Major Yuk Mo Kan assesses a casualty during Exercise Joint Warrior Picture: Corporal Andy Reddy, Crown copyright The 1,600-strong battle group deployed on Joint Warrior is built around the airborne infantry of 3rd Battalion The Parachute Regiment 4 bolstered by artillery, engineers, medics, signallers and logisticians from 16 Air Assault Brigade 5 . The training is designed to prepare them to serve as the Air Assault Task Force, which is ready to deploy anywhere in the world at short notice to conduct the full range of military operations Lieutenant Colonel Dave Macauley, who is in charge of the brigade s reservists, said: The reserves within 16 Air Assault Brigade are fully partnered with their regular counterparts. This integration has been powerfully demonstrated by the way regulars and reserves have worked together on Joint Warrior.
It has been a very demanding and complex exercise that has shown that reservists are capable and ready to deploy with the army s rapid reaction force. The UK reserve forces play a vital part in our nation s defence. Find out how you can get involved 6 and what is on offer for reserves.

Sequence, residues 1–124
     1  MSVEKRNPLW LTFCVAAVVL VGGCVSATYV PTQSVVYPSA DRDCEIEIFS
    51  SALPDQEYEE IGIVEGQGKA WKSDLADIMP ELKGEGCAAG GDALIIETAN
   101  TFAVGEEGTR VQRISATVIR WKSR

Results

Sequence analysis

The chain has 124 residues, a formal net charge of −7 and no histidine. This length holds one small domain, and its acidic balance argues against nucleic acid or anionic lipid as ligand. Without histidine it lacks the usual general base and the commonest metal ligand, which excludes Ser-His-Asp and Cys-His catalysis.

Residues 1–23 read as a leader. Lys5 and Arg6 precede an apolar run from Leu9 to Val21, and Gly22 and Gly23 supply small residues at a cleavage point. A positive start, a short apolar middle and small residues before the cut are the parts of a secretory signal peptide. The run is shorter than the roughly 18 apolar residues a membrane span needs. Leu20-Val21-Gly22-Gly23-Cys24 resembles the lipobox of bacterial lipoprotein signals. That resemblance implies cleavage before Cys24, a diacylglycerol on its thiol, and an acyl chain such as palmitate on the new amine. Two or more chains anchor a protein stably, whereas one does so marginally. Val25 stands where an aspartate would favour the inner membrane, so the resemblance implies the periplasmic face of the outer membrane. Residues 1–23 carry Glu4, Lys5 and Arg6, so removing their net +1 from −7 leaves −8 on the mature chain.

References ^ Army Reserve (www.army.mod.uk) ^ 16 Air Assault Brigade working with the Royal Navy and RAF (www.gov.uk) ^ 4th Battalion The Parachute Regiment (4 PARA) (www.army.mod.uk) ^ 3rd Battalion The Parachute Regiment (www.army.mod.uk) ^ 16 Air Assault Brigade (www.army.mod.uk) ^ Find out how you can get involved (www.gov.uk)
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Reservists train with army rapid reaction force
There is a job opportunity available as a communications officer with Mercian RHQ in Lichfield. Closing date for applications is 25th April at 1200. Applicants will be informed within 7 days of closing date if they have been unsuccessful or progressed to interview stage.
Interviews with be held at RHQ Mercian in the week commencing 5th May 2014.Full jobs description and requirements can be found at Communications Officer Job Spec 1 References ^ Communications Officer Job Spec (drive.google.com)